The mastodon rib bone is unique because it includes an embedded projectile — a spear-point, also made from a mastodon’s bone, that had been sharpened to a needle-like point.  Scientists have applied precise new dating technologies, including radio carbon tests using atomic accelerators, to the bone and have concluded that it dates from 13,800 years ago.  The age of the bone is significant because it predates the point at which the so-called “Clovis hunters” were supposed to have swept across the land bridge from Siberia and spread across the North American continent.  The needle-like spear point in the mastodon’s rib — which uses bone tool techniques much more sophisticated than those purportedly used by the stone tool-wielding “Clovis hunters” — indicates that humans probably arrived thousands of years earlier.

The bone tells us that the early North Americans were capable of fine and effective toolmaking and were fierce and formidable hunters.  Imagine being able to hurl or thrust a bone spear with sufficient force to pierce not only the hide of a mastodon, but also penetrate its rib bone!  But the bone may tell us something more about the bloody-handed history of our race.  It raises the possibility that early humans played a much larger role than was once thought in the mass extinction of the huge creatures that ruled the Earth during the last Ice Age.  Woolly mammoths, mastodons, sabre-toothed cats, giant sloths, and giant birds all went extinct about 13,000 years ago.  The dating of the mastodon’s rib bone increases the sad likelihood that the fierce, bone spear-throwing hunters standing at the dawn of recorded history hunted those long-lost species to their deaths.

Living Near The Terminal Moraine

I was interested in UJ’s recent post that linked to a photo that showed that a particular Canadian glacier has retreated in the 90 years since 1919.  UJ’s question was whether the photographic evidence of the glacier’s retreat was “bothersome.”

Being a lawyer, my answer to that question is (of course!) it depends.  Glaciers advance and retreat as weather conditions change.  We in Ohio should be acutely aware of that fact because the impact of glaciers can be seen all around us.  During the last Ice Age, advancing glaciers gouged out the Great Lakes, covered most of the State, and shoved enormous boulders hundreds of miles to the Terminal Moraine, which geologists place a few miles to the south of Columbus.  If glaciers were immutable, the location where I am typing these words would still be covered by a sheet of ice hundreds of feet thick and would be a likely playground for the woolly Mammoth and his Ice Age animal companions.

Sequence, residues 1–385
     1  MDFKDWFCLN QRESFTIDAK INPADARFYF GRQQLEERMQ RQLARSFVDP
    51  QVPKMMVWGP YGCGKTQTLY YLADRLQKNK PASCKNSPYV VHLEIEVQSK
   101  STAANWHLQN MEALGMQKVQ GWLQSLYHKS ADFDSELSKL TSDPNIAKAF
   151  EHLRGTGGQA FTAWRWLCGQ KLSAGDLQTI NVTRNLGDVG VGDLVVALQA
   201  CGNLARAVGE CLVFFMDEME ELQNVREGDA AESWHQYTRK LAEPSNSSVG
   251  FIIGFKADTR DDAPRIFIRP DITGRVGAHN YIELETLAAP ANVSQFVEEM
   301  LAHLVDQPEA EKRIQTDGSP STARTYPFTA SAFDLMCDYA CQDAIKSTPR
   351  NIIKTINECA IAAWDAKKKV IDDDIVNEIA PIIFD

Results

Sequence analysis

The question is not whether it is good or bad that glaciers grow or shrink, but why that process occurs.  Is it part of the same natural processes — whatever they may be — that has produced the variable weather conditions, like the Ice Age, that have been found throughout the geological record?  Or, is it the result of human activity and greenhouse gas emissions?  The mere fact that temperatures have increased does not mean that a hypothesis about why temperatures have increased is correct.

This is why, in my view, it is so important to have a legitimate, vigorous scientific debate about climate change, complete with testing and experimentation that challenges the currently prevailing global warming hypothesis.  After all, scientists have been known to be wrong.  When was the last time anyone went to a doctor and asked if they had an imbalance of bodily humours?